Following a Machine First™ approach to digital transformation means giving technology the first right of refusal by augmenting human capability to drive exponential business value. Powered by analytics and AI, Machine First™ automation performs routine tasks faster and more accurately than before, driving efficiencies in the organization.
From TCS research and client work worldwide, we have found that a Machine First™ approach to digital transformation can produce four major improvements:
1. Superior Customer Experiences
Consumers and business customers these days increasingly want their interactions with their product and service providers to be simple, tailored, and compelling. But those product and service providers can’t heap lavish attention on each and every customer; they must pick their spots and help employees focus on the best customers. That’s what happened at a major investment company. Using AI and machine learning technologies, the firm built robo advisers that assist mainstream customers. The robo advisers are based on software using AI and machine learning technology to offer automated and personalized investment advice to customers. That has freed up its human financial advisers to focus their attention to customers with the highest net worth.
2. Business Model Innovation and Entry into New Businesses
Digital customer data is at the core of a Machine First™ approach to digital transformation. That data is a central element of business model changes – i.e., identifying new needs of customers and providing new digitally-based offerings that meet them. Online real estate information providers such as Zillow and Opendoor Labs are great examples of this. Their customer data has enabled the companies to not only give customers listing information; it has vaulted their firms into the mortgage business. As a result, they can address a key pain point of homebuyers: getting financing.
3. Better Business Outcomes
The Machine First™ approach can help companies reduce costs and streamline supply chain and other operations. This is what happened at Dubai-based retailer, Landmark Group.. The company automated numerous manual activities in its sourcing and procurement operations. It cut manual work by 50%, reduced costs, improved its understanding of supplier performance, and resulted in better negotiations.
4. Empowering the Workforce
You might think that a Machine First™ approach will eliminate jobs everywhere in a company. In fact, it doesn’t mean that at all. It does mean automating manual work that can be automated. But, just as important, it also means determining the new jobs that companies must create – jobs that technology cannot do.
Consider the Finnish company Cargotec. The EUROS 3.3 billion company sells cargo-handling technology and services to ports, terminals and other distribution centers. The mobile service technicians, who perform preventive maintenance and repairs on their cargo-moving equipment, had their response times affected since they were using paper-based systems to service and track their field work at customers’ locations. They were dependent on back office staff, whom they contacted by cell phone to receive work order requests, update customer records, and order parts. To resolve this, Cargotec implemented the Machine First™ approach to transform its service operations. It implemented a laptop-based system that gave its technicians access to data anytime, anywhere to order parts, manage inventory, report time and costs, generate reports, and update customer records.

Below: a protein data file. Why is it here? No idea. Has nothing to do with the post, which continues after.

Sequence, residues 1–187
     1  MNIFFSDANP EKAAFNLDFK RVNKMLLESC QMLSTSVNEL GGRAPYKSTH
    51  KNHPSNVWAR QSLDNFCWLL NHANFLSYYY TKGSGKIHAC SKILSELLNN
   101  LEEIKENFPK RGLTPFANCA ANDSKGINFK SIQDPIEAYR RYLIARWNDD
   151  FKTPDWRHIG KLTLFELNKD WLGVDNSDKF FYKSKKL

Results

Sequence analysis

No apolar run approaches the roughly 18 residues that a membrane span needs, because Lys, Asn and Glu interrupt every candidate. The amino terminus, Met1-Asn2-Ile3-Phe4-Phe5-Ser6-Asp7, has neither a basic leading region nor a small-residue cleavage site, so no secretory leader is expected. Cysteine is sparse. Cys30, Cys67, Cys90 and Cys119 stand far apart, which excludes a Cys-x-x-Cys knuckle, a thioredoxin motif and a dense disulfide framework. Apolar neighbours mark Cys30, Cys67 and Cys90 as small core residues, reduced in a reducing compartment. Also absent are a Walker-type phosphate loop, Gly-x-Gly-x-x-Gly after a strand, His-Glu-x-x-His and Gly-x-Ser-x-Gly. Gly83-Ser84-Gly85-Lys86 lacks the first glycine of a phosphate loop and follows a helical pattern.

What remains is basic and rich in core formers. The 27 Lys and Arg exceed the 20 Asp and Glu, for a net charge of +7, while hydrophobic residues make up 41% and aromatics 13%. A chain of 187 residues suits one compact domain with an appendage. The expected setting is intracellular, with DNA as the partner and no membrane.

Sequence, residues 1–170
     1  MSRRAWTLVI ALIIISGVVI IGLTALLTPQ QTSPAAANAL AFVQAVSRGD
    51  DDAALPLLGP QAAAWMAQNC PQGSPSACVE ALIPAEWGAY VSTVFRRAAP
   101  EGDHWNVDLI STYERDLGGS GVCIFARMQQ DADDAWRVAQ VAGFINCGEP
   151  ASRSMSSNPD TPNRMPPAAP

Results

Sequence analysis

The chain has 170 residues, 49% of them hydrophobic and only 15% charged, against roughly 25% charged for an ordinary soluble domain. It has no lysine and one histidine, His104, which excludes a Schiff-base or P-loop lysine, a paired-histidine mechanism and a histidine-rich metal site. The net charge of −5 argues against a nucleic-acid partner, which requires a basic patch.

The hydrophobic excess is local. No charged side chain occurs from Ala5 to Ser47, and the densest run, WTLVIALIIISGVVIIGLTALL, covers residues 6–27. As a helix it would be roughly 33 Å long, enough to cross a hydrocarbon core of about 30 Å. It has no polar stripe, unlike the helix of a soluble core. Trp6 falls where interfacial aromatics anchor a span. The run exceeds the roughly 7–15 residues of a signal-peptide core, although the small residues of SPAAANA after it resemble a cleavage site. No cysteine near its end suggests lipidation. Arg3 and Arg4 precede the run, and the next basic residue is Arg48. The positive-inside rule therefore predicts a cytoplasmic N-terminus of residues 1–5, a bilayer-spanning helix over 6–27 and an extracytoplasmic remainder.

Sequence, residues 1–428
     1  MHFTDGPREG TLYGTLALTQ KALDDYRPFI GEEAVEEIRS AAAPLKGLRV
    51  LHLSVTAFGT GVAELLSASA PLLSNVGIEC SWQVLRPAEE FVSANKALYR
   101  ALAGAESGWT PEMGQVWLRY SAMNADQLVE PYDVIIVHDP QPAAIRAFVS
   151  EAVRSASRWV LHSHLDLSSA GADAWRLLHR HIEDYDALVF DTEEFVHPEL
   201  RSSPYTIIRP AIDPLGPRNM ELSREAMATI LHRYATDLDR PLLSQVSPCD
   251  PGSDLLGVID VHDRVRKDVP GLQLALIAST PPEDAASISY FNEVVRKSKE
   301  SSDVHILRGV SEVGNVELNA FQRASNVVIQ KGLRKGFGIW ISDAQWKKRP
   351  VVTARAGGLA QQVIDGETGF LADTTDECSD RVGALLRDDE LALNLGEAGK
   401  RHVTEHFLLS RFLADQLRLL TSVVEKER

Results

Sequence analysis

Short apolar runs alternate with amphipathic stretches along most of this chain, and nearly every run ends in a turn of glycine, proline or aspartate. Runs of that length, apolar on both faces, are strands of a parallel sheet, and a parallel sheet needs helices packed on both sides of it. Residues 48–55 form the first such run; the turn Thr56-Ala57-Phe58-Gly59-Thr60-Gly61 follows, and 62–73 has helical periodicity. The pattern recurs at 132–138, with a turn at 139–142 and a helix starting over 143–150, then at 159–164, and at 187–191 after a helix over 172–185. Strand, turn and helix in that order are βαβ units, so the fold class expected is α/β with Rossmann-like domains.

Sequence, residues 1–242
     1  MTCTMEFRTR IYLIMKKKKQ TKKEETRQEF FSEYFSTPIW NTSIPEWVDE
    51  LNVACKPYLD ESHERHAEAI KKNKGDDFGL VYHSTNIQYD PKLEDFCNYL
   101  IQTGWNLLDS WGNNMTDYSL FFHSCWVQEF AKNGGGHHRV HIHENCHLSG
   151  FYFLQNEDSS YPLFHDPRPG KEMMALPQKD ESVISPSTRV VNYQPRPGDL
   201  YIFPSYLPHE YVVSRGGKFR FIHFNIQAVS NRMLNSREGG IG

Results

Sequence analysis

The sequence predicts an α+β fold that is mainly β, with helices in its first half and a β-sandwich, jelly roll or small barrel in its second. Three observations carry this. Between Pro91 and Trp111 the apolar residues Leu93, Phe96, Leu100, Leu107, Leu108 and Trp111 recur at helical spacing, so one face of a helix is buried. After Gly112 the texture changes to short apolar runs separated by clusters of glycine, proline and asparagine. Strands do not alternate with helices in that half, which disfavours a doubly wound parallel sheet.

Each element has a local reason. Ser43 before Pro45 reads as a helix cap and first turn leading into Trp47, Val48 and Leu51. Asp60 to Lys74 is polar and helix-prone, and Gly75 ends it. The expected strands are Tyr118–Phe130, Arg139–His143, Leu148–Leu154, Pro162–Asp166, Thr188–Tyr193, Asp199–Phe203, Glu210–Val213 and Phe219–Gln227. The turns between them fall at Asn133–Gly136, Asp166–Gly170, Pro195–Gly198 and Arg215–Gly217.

These are the four largest impacts we’ve seen at companies that have used a Machine First™ approach to digital transformation. You can read more about them in my new Perspectives article.
PR Krishnan is Executive Vice President at TCS and author of “Reshaping a Business around AI: The Machine First™ Approach to Digital Transformation” in Volume 12 of the TCS Perspectives management journal.
About the author(s)
PR Krishnan (PRK) is Executive Vice President & Global Head, Enterprise Intelligent Automation & Artificial Intelligence at Tata Consultancy Services (TCS). In this role, PRK helps business and technology leaders drive innovation and integrate digital technologies – AI, smart automation, machine learning and cognitive computing – into their business model for growth and transformation.
PRK has strategized innovations that drive human - machine collaboration that serve as the guiding force for elevated growth and success in the Business 4.0 era. PRK spearheads the MFDM™ (Machine First Delivery Model) initiative in TCS to institutionalize the Machine First™ approach across client engagements and within TCS.
PRK’s team creates new opportunities for, enabling the world’s leading enterprises to harness human ingenuity together with machine precision.
For more than 35 years, PRK has played a pivotal role in coaching large teams, demonstrating thought leadership and innovation towards uncovering insights and creating exponential value for large enterprises.
Prior to leading the EIA & AI portfolio, PRK served as Global Head of the IT Infrastructure Services, overseeing the expansion of the TCS services portfolio. In this role, he successfully led several of TCS’ global delivery centers (GDC), paving the way for the creation of the company’s Global Network Delivery Model (GNDMTM).
Starting in 2004, he was responsible for creating and running the telecom delivery centers for TCS, where he built a 3000+ strong practice servicing over 40 customers, growing the practice in a time when the telecom industry was just beginning to embrace technological advancements.
PRK has contributed significantly towards leading a very successful SEI CMM Level 5 assessment that became a new benchmark and model across TCS.